12 Magical Harry Potter Experiences in England and Beyond
Updated September 24, 2019
From the Wizarding World of Harry Potter at Universal theme parks in California and Florida (pictured) to the Warner Bros. Studio Tour in London, the Harry Potter phenomenon has cast a spell on millions of travelers across the globe. Here's where you can experience some of the magic.
For the Harry Potter films, several exterior scenes set at Hogwarts were shot here, the second largest inhabited castle in England. Dating from 1096, the grounds of this Northumberland estate were restored by famed landscape gardener Lancelot "Capability" Brown in the 18th century. You can visit the inner courtyard where Harry first learned to fly on a broom and play his first game of Quidditch.
Filmmakers had a spire digitally attached to the towers of Durham Cathedral so that it could stand in for part of Hogwarts. The UNESCO World Heritage Site in northeast England appears in a scene where Harry's owl, Hedwig, takes off to deliver a message. At ground level, you can see hallways where the Boy Who Lived had whispered conversations with his friends. Quidditch was practiced on the lawn, and Professor McGonagall taught Transfiguration in the cathedral's Chapter House.
Long before Harry came along, lit-inclined visitors flocked to this 7th-century Benedictine abbey because another Potter—Beatrix of Peter Rabbit fame—set her children's book The Tailor of Gloucester here. The fan-vaulted cloisters also played Hogwarts corridors, where, most dramatically, mysterious graffiti written in blood warned that the Chamber of Secrets had been opened. Moaning Myrtle's toilet flooded here, and Harry and Ron hid from a troll in the cathedral's lavatorium, where monks once washed.
The site of a 13th-century nunnery east of Bath on the River Avon, Lacock Abbey is now known for things the sisters could never have imagined. Harry was selected for Gryffindor's high-flying Quidditch team in the hallways, and Professor Snape's Potions classroom can be found in the sacristy. In the Chapter House, Harry discovered the Mirror of Erised, the mysterious object that reveals the deepest desires of those who gaze into it.
It's perhaps fitting that Britain's most famous university should have a direct connection with the wizarding world's most famous school. The dining hall at Oxford's Christ Church College served as the Great Hall at Hogwarts early in the film series, before a duplicate set was constructed. Author J.K. Rowling did not attend Oxford, but one of her influences, Narnia creator C.S. Lewis, did. Another famous British fantasy novelist, J.R.R. Tolkien of Lord of the Rings fame, attended as well. Both Lewis and Tolkien taught at Oxford, too.
While Muggles can't catch the Hogwarts Express from Platform 9¾ at London's King's Cross Station, you can take a ride on the train's movie stand-in. The Jacobite's summer service runs between Fort William and Mallaig in northwest Scotland. For Potter fans the highlight is crossing the 21-arched single-track Glenfinnan Viaduct, which gets some breathtaking screen time in the films. The train's memorable route, known as the "Iron Road to the Isles," started in 1901, and the carriages used as rolling sets for Harry and co. are among the same coaches passengers ride in today.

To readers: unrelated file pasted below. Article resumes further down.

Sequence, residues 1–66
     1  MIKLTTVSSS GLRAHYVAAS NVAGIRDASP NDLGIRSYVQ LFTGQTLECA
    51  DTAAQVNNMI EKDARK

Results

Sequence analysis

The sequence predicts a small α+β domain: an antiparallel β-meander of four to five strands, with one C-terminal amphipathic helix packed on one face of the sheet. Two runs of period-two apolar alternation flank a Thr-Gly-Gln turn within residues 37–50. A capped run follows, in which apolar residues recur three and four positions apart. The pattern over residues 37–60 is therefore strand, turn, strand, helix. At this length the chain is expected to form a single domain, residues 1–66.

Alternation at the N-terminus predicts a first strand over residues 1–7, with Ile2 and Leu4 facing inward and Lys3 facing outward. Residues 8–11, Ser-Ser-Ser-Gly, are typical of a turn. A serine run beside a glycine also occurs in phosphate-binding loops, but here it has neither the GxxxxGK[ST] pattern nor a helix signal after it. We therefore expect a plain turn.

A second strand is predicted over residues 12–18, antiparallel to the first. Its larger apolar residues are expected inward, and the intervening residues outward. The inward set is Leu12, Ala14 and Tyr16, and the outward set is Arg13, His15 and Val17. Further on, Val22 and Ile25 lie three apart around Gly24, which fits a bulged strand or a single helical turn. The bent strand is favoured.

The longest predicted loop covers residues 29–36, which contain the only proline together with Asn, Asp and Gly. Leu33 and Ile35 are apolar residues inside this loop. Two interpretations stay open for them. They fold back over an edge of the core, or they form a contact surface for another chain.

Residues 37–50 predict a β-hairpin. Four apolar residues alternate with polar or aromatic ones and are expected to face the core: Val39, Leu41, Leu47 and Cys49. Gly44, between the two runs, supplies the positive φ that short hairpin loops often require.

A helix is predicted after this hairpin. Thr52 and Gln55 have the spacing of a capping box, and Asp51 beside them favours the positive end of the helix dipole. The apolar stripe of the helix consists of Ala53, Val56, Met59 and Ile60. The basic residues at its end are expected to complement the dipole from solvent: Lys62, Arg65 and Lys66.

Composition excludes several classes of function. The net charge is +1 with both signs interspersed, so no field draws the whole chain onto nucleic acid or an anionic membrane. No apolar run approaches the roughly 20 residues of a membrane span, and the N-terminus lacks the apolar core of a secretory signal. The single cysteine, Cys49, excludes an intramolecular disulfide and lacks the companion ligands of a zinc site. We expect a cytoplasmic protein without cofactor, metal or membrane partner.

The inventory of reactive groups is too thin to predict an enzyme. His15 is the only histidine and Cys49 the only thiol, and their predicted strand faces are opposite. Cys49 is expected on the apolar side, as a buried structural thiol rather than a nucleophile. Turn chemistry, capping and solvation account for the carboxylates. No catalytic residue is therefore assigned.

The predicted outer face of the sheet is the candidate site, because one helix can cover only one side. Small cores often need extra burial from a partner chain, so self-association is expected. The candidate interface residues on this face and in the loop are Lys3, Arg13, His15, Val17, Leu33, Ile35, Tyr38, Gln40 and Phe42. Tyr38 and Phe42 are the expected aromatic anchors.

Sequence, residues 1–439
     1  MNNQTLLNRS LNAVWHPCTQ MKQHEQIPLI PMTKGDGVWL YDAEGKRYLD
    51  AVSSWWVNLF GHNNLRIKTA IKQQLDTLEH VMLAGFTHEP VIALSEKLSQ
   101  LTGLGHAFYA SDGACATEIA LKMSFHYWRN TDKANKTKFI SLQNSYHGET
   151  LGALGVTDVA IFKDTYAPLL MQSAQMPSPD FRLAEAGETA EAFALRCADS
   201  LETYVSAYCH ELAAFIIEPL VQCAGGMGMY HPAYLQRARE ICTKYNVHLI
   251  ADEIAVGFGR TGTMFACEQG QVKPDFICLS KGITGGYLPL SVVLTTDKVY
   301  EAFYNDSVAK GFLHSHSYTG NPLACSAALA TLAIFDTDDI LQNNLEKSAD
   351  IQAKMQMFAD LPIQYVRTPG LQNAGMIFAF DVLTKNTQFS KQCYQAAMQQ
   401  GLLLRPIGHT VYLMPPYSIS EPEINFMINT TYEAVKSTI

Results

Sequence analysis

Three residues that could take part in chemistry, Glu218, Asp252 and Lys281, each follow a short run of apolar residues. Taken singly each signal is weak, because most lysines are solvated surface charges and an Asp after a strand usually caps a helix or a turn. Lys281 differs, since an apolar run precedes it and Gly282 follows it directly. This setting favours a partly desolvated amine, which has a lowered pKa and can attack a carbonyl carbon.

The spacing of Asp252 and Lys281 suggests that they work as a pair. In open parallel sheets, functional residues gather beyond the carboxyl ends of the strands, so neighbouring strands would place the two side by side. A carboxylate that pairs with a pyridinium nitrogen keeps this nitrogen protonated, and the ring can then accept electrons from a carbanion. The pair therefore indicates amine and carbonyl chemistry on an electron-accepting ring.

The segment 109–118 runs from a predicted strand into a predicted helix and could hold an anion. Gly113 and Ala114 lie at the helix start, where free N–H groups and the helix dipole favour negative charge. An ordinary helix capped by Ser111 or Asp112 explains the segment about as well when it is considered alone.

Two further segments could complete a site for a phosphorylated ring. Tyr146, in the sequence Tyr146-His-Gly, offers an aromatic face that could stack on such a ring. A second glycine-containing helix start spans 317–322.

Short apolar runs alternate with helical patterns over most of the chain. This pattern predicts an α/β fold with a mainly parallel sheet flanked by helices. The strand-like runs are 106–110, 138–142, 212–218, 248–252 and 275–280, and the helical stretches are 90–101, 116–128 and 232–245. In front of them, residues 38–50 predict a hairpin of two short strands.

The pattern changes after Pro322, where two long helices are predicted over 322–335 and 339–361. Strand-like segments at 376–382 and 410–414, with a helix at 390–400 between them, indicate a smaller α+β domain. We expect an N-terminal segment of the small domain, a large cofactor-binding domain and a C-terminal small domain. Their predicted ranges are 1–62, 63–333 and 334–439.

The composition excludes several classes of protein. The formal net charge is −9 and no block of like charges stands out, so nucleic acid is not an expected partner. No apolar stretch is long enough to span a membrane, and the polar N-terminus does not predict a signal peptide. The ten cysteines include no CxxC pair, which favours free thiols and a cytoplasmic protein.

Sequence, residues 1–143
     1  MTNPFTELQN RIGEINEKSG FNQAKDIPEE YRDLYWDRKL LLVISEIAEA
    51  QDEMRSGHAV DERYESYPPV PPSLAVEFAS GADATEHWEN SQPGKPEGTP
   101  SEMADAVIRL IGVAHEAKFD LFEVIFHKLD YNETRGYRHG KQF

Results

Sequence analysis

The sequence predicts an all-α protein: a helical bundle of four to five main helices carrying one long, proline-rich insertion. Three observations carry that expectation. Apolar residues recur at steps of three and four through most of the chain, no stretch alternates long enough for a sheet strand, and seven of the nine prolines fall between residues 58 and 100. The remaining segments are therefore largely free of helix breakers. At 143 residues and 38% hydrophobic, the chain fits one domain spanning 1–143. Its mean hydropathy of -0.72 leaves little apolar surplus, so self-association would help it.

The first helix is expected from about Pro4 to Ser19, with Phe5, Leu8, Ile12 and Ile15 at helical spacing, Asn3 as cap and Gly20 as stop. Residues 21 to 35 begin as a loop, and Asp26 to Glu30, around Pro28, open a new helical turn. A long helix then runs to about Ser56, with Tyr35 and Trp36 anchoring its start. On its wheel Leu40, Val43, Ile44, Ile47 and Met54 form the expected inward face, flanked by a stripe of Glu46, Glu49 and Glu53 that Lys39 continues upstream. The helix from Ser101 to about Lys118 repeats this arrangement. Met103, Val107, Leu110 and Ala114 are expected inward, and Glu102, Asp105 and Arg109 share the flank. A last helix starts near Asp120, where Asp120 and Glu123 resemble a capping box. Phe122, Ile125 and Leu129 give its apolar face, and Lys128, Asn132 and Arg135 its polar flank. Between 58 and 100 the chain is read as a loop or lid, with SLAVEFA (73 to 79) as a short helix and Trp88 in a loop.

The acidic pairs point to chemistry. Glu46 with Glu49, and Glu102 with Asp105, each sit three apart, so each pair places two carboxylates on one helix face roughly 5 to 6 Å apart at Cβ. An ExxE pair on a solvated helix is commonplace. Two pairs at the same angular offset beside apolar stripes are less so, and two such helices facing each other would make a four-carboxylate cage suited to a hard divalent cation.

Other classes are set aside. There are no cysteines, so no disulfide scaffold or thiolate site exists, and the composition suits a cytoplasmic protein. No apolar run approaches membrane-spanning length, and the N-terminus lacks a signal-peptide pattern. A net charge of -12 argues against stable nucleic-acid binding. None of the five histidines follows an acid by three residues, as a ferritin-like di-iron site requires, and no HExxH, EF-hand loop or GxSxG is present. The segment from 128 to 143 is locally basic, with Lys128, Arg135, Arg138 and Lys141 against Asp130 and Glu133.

Built in 1926, the historic Reptile House at the London Zoo has a facade covered in animal carvings. Inside, you'll see lizards, crocodiles, tortoises, and snakes. What you won't see: a Burmese python like the one that chats up Harry Potter in the first book and film of the series.
One of the U.K.'s most popular family attractions is the clunkily named Warner Bros. Studio Tour London - The Making of Harry Potter (which is actually located about 20 miles north of London in Leavesden, Hertfordshire). Here, visitors get a chance to go behind-the-scenes where the iconic films were made. Feast your eyes on detailed sets, elaborate costumes, props, and some things the cameras never even showed.
Universal Orlando Resort in Florida and Universal Studios Hollywood in California both feature detailed reimaginings of Rowling's books and the movies based on them. You can ride a roller coaster through Hogwarts, throw back a Butterbeer at the Three Broomsticks in the village of Hogsmeade, and (in Florida only) explore the magical twists and turns of Diagon Alley (pictured).
All aboard for Hogwarts School of Witchcraft and Wizardry! Acknowledging (and cashing in on) its role in the Potter mythos, the King's Cross railway station in London has put up a sign and embedded a luggage trolley in the wall at the spot where would-be wizards board the Hogwarts Express. Naturally, there's a souvenir shop nearby, too.
When Harry battles a dragon during the Triwizard Tournament in The Goblet of Fire film, the scene's backdrop is Steall Falls, a waterfall at the base of Ben Nevis, Scotland's highest mountain. While we're in Scotland: The Highlands village of Glencoe was the principal location for exterior shots in Azkaban. And a tiny island in Loch Eilt, west of Fort William, was used as Dumbledore's burial site.
In Harry Potter and the Prisoner of Azkaban, Harry takes a wild ride through London on a purple three-decker bus, which drops him at a pub, the Leaky Cauldron. If you want to discover the real street, head to London's Borough Market (just next to London Bridge), where you can get a pint or lemonade at the Market Porter pub, whose exterior was transformed into the Third Hand Book Emporium for the movie.